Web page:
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REVIEW: Primal Calling by Jillian Burns

Dear Ms. Burns:

This is my first encounter with your writing and it was a good one. In fact, this is a book I could have seen myself re-visiting if the heroine hadn’t annoyed me so much in the first half. Max, though, was one of the sweetest heroes I recall reading about in a long time. Sweet, strong, playful, with a tender heart.

Primal Calling by Jillian BurnsSerena Sandstone is the famous host of a travel show but she years for an investigative journalism position, primarily because she has grown up in the shadow of her father, a former Pulitzer Prize winning reporter. She’s always sending ideas to her producer in hopes that she will be able to get her station to fund an investigative junket. When her last idea is rejected by her producer after wrapping up a shoot in Alaska about the Idaterod, Serena is despondent. She believes that she has to do something to prove to the network that she isn’t just another pretty face.

At the airport, Serena spots a long haired, bearded pilot stepping out of his cargo plane and begins weaving a story about him, his dog, his plane. Her imagination is kicked into high gear after overhearing two female airline employees refer to him as the “White Wolf”. Within minutes, Serena has dragged enough details out of the employees to learn that White Wolf was Max Taggert, a half Iñupiat pilot whose plane crashed three years ago and only he and one other person survived. The other two passengers’ remains were found eaten and Taggert refused to speak about the incident. He was still under FAA investigation and the families of the deceased are suing him. Serena smells a story.

Max is poleaxed when he sees Serena, too long without companionship, he is easy pickings. He intuits that Serena isn’t quite being honest with him but he tells himself he doesn’t care. A gorgeous woman is sitting beside him sharing a drink and flirting with him.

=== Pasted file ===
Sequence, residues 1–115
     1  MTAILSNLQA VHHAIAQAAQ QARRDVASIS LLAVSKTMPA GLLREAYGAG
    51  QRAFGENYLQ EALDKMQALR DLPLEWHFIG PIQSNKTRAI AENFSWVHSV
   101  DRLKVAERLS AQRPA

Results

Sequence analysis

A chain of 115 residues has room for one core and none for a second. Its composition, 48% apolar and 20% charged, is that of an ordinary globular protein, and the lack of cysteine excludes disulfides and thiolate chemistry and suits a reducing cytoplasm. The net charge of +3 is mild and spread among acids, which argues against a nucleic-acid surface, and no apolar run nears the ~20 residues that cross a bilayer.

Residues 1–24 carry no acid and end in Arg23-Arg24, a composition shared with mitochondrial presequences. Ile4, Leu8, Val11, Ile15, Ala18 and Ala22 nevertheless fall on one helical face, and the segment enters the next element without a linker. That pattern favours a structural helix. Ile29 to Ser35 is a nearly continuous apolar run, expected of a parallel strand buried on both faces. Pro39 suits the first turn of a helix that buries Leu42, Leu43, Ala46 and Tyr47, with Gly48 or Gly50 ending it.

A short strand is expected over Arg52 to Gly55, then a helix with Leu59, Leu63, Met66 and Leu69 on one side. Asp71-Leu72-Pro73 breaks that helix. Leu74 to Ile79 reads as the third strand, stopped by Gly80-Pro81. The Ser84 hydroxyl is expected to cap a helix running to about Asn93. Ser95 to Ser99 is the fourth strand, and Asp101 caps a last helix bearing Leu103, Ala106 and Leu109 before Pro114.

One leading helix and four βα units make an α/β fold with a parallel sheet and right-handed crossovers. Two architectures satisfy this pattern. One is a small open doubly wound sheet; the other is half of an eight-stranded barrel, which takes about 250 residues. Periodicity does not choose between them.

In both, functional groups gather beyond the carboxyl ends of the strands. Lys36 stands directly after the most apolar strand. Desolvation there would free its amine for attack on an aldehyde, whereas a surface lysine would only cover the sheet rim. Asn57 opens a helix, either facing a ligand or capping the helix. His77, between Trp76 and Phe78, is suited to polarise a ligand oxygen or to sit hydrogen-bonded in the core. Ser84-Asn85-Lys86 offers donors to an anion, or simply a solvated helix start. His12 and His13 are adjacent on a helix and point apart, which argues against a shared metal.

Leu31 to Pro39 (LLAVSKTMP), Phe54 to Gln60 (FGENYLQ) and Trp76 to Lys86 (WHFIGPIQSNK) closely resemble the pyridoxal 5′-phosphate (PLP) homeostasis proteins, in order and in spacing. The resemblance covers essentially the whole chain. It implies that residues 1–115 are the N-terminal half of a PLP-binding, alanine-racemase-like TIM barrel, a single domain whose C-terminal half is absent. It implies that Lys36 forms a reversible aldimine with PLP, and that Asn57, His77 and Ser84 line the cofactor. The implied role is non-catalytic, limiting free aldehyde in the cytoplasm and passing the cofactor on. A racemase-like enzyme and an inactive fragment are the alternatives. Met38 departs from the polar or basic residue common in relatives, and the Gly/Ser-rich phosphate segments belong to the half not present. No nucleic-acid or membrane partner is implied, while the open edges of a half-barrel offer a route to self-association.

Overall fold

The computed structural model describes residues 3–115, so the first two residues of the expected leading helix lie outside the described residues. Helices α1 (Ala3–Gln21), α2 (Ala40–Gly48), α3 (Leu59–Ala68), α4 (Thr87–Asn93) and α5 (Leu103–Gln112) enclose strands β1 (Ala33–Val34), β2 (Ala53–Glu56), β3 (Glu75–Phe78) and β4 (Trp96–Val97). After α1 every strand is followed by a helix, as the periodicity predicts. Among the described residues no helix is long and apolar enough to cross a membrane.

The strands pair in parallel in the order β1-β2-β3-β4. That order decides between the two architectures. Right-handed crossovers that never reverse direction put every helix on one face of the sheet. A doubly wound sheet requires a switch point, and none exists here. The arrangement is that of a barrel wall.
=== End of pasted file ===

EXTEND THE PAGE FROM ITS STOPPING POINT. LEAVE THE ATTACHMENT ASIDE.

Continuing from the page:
“So, what do you do in L.A.?”

Deep concentration on the label peeling. “I don’t really live there, actually. I mean, I own a condo there, but I travel all over the world for business and I’m hardly ever home.”
Interesting. She hadn’t actually answered the question. Something didn’t add up, but he let it go. Who cared what she did for a living? Or why she was slumming tonight. It wasn’t any of his business. Live and let live. For whatever reason, he had a beautiful woman sitting next to him sharing a drink.

He cleared his throat. “Have you eaten dinner?”

She looked surprised at the change of subject. “No, I-‘no.”

“Well, don’t eat here, whatever you do.”

A feminine chuckle accompanied the flash of perfect white teeth as she turned to him. “Shall we go eat somewhere else?”

We? He scrutinized the sincerity in her eyes. Maybe she’d made a bet with a girlfriend to sleep with a native on her last night in Alaska. Would a half-breed count? Glancing around the bar, he spied his only competition: the old native in the last booth. He swung back to face her. “Sure, why not?”

Serena, to her credit, is up front about why she is sidling up to Max and Max rejects her advances. He doesn’t talk to reporters, even for sex.

Serena refuses to give up and tells herself her Pulitzer Prize winning father would not be deterred by one growly refusal and a slammed door. Serena irritated me in her quest for this story. Her invasion of Max’s privacy, her persistence that she was right to know all of his secrets was offputting.

Max and Serena are forced, through a series of believable events, to spend time together and Max eventually (albeit reluctantly) brings Serena to Barrow, Alaska, where his home is. We learn that Serena’s goal in life is to do something worthwhile and she views what her father did as the measurement of her worth. Through her exposure to Max and others, she begins to let go of the valuing herself by her father’s standards. For Max, he has to make himself vulnerable again. He’s suffered a lot of loss in his life and Serena makes him long for things he thought he had jettisoned from his heart.